A more problematic romanticization of the Jim Crow era was the animated “Calvin and the Colonel” (1961), which ran in prime time. It was the last gasp of the braintrust behind “Amos and Andy” – sort of a Deep South “Honeymooners” with animal characters talking in dialect and getting themselves into scrapes. If the blustering Colonel’s full name, Montgomery J. Klaxon, seemed too uncomfortably Klannish to be funny, that might be one reason why the show seemed out of its time and did not succeed.

  • The bottom line for me is that it was a crappily made, unfunny cartoon, like almost all of the post Golden Age Terrytoon product. I was a young kid when it aired and I wasn’t that impressed with Mighty Mouse or Heckle & Jeckle. I was aware of the different studios and only cared for a Mighty Mouse cartoon when it was one of the really early ones, when better animation was the standard. I knew that Hoppity Hooper was Jay Ward, and although not a great series, I trusted it to entertain me with punny jokes, limited animation, but great character voices. Huckleberry Hound has an almost beatnik edge to his persona, and Quick Draw was hilarious. Deputy Dawg was a big disappointment, and a reason to turn that big clunky dial on our Motorola.

    • I rather disagree since after watching a bunch of Terry-era shorts, Deputy Dawg seem to have more charm and a bit more energy than most of the one shorts and the lesser character stared shorts of the past. Even Scheib’s music felt more energetic.

    • I agree with your assessment.
      Not entertaining to me at all.

  • Isn’t it a shame that we can’t just accept the cartoon for what is was meant to be? There was no apparent intent to make DEPUTY DAWG some political issue or comment on Jim Crow or any other “racial”/social issues. In fact, producers steered clear of these matters by this time.

    There tends to be too much effort to “read” personal issues into things that simply are not there. So what if Muskie was painted “brown?” He was a Muskrat. And muskrats, like foxes and raccoons do invade chicken coops. This is ANIMAL behavior. Incidentally, with regards to the “color” issue, Vince was purple, and Deputy Dawg was not “white,” he was gray. All of this only makes an excuse for hating something that does not deserve hatred especially since its purpose was entertainment. There were no racial stereotypes depicted.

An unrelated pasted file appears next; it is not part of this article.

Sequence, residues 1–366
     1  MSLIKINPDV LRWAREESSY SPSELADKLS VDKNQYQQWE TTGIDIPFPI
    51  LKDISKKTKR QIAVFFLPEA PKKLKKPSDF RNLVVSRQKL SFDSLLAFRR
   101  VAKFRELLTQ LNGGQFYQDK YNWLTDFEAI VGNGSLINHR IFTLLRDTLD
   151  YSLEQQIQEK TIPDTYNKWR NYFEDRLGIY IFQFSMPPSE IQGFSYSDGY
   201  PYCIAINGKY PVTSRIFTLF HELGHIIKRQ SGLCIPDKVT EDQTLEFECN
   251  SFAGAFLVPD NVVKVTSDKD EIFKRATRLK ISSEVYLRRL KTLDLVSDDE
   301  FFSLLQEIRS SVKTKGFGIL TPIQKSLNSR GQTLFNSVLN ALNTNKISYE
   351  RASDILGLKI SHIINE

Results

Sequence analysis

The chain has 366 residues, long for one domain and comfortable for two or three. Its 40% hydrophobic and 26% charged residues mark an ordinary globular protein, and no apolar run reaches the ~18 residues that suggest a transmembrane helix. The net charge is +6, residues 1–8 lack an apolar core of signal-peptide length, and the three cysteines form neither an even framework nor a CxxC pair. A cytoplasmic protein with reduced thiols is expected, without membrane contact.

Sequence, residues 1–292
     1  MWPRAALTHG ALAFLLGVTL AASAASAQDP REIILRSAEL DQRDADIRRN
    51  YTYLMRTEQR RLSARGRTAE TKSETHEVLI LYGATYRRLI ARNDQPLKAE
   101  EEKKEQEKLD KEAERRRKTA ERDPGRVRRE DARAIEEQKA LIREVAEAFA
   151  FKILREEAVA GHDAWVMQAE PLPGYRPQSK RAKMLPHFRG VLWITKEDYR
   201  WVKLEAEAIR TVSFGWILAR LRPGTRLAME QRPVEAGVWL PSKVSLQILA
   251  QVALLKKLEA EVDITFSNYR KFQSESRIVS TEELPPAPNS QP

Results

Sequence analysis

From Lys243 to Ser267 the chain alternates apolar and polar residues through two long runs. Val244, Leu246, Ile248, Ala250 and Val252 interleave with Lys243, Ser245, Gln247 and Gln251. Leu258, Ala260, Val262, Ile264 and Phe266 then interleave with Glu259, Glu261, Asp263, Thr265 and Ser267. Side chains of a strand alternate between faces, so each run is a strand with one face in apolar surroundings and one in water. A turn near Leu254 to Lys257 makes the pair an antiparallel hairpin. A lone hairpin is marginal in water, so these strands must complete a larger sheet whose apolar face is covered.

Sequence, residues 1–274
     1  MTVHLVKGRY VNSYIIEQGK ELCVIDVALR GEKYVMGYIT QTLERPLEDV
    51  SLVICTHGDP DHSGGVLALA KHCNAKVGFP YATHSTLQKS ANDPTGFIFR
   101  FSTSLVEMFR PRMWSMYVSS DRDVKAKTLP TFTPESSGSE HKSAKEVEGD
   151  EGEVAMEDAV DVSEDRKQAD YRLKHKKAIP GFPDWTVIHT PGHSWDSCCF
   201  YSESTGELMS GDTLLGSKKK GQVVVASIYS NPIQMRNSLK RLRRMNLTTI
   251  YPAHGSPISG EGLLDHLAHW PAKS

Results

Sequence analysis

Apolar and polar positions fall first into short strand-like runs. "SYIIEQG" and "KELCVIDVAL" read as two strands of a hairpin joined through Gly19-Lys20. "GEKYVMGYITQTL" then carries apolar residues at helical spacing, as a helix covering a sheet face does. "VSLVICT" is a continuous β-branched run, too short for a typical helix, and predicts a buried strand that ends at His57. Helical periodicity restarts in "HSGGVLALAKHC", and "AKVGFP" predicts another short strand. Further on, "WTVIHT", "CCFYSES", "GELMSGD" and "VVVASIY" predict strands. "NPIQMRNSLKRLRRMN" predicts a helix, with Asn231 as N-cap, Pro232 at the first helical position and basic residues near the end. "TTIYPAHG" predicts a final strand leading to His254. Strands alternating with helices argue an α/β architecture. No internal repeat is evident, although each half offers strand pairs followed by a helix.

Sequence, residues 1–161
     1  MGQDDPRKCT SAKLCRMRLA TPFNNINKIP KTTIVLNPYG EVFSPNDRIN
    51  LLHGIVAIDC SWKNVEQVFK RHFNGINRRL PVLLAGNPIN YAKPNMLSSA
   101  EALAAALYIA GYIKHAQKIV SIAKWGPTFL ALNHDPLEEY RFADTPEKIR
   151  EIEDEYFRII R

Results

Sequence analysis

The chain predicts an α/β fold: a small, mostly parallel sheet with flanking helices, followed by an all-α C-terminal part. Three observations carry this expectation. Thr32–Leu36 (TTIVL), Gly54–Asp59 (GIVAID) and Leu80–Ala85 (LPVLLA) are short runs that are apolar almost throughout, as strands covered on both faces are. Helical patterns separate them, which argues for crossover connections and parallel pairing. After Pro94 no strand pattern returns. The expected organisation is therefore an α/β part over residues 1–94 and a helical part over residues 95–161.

The series was popular in the south and according to OF MICE AND MAGIC ran in Drive-in Theaters. It’s more of a regional appeal issue, so what’s the harm in that? And for the record, 20th Century-Fox was the theatrical distributor, as it had been for Terrytoons for 30 years.

    For me, the only bothersome thing was Dalton Allen’s portrayal of DEPUTY DAWG –somewhat like a Frank Fontaine (Crazy Googenheim) impersonation, sometimes went over the top, sounding more “drunk” than dumb.

    • The fact remains that people committed to social justice saw something about Deputy Dawg in 1961 that associated him with enforcing segregation, despite what CBS-Terrytoons intended or not. It is also a fact Deputy Dawg’s ad agency and main sponsor made the cartoon a social issue by holding promotional events at segregated and “whites only” venues, whether the studio wanted to or not. It is also a fact that 20th Century-Fox distributed the cartoons to theaters that practiced segregation–a consequence of the regional popularity. It is also a fact that cartoons have a history of having anthropomorphic animals perform ethnic human stereotypes; so Deputy Dawg could possibly be part of that history.

    • Ray Pointer, thank you. Some much needed common sense.

    • It is Christopher who is displaying common sense here, by pointing out how a cartoon can be read differently by different audiences. Veiling your stereotypes as animal characters gives you plausible deniability, but at the same time these stories don’t exist in a cultural vacuum. You can say that of course, a real muskrat might really steal eggs, but then that’s exactly why they put an anthropomorphic muskrat in the mix – it allows them to use old minstrel show routines about no-good egg-stealing Negroes, ostensibly without offending anyone, but in reality the point could not be missed by a black audience well used to being the target of such conventions.

      I don’t want to oversell the point, or suggest that more thought was put into the creation of Deputy Dawg than it deserves; rather that it surfaced at a time when people were starting to notice the subtext of the entertainment presented to it, and ask whether old ways of doing things were useful in a changing society.

    • Consciously or unconsciously anything created reflects the times